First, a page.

• 3/27 - Winnebago County, Iowa: Low of 8 Sunday morning, still big drifts in groves and along tree lines. Reports of Frost 5 and 6 foot deep with frozen water lines and this morning it is snowing and 19. I think we maybe hit 50 once so far in March otherwise highs of 33-35 and lows in the teens. The NWS is predicting below normal temps for the next 90 days. Does not look good for timely corn planting in 3 to 4 weeks. I know weather can change fast, but this below normal trend has been persistent and we need it to change soon if we’re going to have a timely planting season.

  • 3/27 - Buffalo County, Neb.: Another very windy, dusty day here in central NE. It's been awhile since we had such a windy year. There are 40mph gusts on a regular basis this year. There is moisture below the surface of the ground, but the top 2" are bone dry and move which ever way the wind happens to be blowing. The temps have been very erratic as well. I am still waiting to see if my wheat has survived the winter. We have a couple of warm days that try to make it green up, followed by several frigid ones that burn it back. It appears that we will have another "interesting" year. Good luck to all. (Read more wheat-related comments at AgWeb's

  • 3/26 - Just South of I-70, Ill.: Been a winter for the record. I have been out near every day walking the fields this winter. The soil is drier than any year I can remember in 20 here. The frost has broke up a lot of surface compaction. If average rain, should get in two weeks earlier than normal about April 15. According to my diary, the soil condition most reminds me of the years 1992,1994,1997,2000,2001 all good years and fast plant. So here we go another year.

  • 3/26 - Falls Co. Texas: Corn planted and starting to emerge. Very cold winter and early spring so far. Very dry here with winter wheat jointing and cracks in the fields. Some freeze damage to wheat on 3/18 because of 17 degrees and ice from freezing rain. Hope you guys in the corn belt will keep the corn acres reasonable. We are in a corn/cotton/wheat rotation for years so let's all do what we can to keep the corn price up. We have tried to grow beans here but can only make 20-25 bu in a good year. Too hot!!! (Read more wheat-related comments at AgWeb's

  • 3/25 - College Station, Texas: Though it may seem like a return of Dust Bowl days to some Texas High Plains farmers and ranchers, we’re not there yet —at least not quite, according to Dr. John Neilsen-Gammon, state climatologist, College Station. However, this week’s reports from Texas A&M AgriLife Extension Service county agents do give evidence of some very difficult working conditions for producers in the Panhandle, South Plains and Rolling Plains regions. Mark Brown, AgriLife Extension agent for Lubbock County, reported only a trace of moisture for March with sustained high winds and gusts of 58 mph on March 18 accompanied by blowing dust.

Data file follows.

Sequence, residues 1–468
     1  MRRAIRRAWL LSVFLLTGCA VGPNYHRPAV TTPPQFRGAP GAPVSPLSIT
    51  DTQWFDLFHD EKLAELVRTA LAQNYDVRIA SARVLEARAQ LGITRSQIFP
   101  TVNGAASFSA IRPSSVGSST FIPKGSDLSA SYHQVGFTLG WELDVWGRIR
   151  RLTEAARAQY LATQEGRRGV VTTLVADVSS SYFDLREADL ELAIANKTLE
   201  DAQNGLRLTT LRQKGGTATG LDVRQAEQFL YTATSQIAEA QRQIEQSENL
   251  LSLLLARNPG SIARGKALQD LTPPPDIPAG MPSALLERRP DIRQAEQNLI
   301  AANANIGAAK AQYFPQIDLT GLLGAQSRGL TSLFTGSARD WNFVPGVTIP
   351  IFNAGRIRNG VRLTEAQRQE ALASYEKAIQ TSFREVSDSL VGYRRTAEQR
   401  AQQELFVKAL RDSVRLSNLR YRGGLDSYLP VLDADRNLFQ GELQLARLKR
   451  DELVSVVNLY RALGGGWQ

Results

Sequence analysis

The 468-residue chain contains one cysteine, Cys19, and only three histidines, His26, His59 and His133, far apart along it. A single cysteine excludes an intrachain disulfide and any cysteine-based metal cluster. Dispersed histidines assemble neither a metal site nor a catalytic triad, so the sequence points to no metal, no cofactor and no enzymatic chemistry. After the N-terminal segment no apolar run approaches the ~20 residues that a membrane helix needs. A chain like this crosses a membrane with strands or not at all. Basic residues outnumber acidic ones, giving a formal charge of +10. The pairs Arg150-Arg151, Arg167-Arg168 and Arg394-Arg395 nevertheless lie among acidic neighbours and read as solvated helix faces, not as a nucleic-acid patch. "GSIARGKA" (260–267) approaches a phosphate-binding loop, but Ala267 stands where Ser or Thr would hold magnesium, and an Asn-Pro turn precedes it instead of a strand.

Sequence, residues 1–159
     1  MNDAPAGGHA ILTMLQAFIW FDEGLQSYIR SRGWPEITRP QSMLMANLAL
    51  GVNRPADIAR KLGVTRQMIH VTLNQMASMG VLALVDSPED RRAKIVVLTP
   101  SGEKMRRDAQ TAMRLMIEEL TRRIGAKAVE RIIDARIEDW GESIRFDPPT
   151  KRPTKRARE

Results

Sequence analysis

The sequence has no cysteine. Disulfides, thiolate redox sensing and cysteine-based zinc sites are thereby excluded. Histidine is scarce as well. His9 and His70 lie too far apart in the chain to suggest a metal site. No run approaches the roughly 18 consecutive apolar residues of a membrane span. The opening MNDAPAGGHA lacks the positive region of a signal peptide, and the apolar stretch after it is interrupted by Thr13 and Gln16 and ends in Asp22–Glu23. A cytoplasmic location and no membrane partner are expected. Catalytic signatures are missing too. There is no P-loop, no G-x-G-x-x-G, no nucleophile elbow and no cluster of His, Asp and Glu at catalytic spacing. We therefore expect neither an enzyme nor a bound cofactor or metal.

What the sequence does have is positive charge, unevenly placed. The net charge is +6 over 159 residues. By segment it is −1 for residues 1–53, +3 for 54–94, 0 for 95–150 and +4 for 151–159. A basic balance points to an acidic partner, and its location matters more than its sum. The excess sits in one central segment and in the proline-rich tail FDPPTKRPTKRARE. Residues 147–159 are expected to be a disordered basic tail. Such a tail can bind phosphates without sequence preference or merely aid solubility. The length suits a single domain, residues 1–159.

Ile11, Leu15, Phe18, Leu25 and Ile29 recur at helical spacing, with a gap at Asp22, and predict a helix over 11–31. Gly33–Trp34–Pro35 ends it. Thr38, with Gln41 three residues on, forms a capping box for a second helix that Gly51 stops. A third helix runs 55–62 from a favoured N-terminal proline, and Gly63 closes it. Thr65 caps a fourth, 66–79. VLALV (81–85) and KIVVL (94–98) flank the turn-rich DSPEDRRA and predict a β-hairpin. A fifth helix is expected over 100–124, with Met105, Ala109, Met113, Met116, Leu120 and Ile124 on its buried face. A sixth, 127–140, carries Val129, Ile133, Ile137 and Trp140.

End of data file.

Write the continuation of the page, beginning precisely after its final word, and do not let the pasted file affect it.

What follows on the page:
dust storm

-- Near Canyon, Texas

(Have any photos of the crops on your farm? E-mail ( them to AgWeb and have them posted on Crop Comments! Be sure to include a caption.)

  • 3/24 - Central, Neb.: Well, a few guys trying to fertilize. But our cold nights are putting in serious frost. It has been a long winter here. Just cold and dry. Talked to relatives out in western Neb., and they think this wheat crop is gone. I don't believe out here the ethanol plants are having problems getting rid of ethanol. They are all grinding over 100% and the rail cars come and go. Lots of corn has gone to town. Don't think the crop was as big as the trade wants us to think it was. Lots of guys here are finding out your corn yields aren't that great when it's continuous corn on corn. It's this thing called root worms. And it's becoming a serious problem. Last but not least. I agree with the man from Michigan. I'd like to see a list of farmers names who are letting the usda into their fields. (Read more wheat-related comments at AgWeb's


  • 3/24 - Bay County, Mich.: Snow melting slowly here with water all over the fields. The most water I have seen on fields in 40 years. Ditches starting to open up so water should start going down soon. Some wheat fields 1/3 covered with ice and water. Temps to be in 50's by weekend. Hope snow is gone by next week!Sugar beet and corn planting will be the end of April 1st of May.This is like years ago on a normal year.We have been spoiled the past 10 years.Hope you all have a safe year. Plant your normal crop rotations one crop will make you money and the rest will or break even as I see it. (Read more wheat-related comments at AgWeb's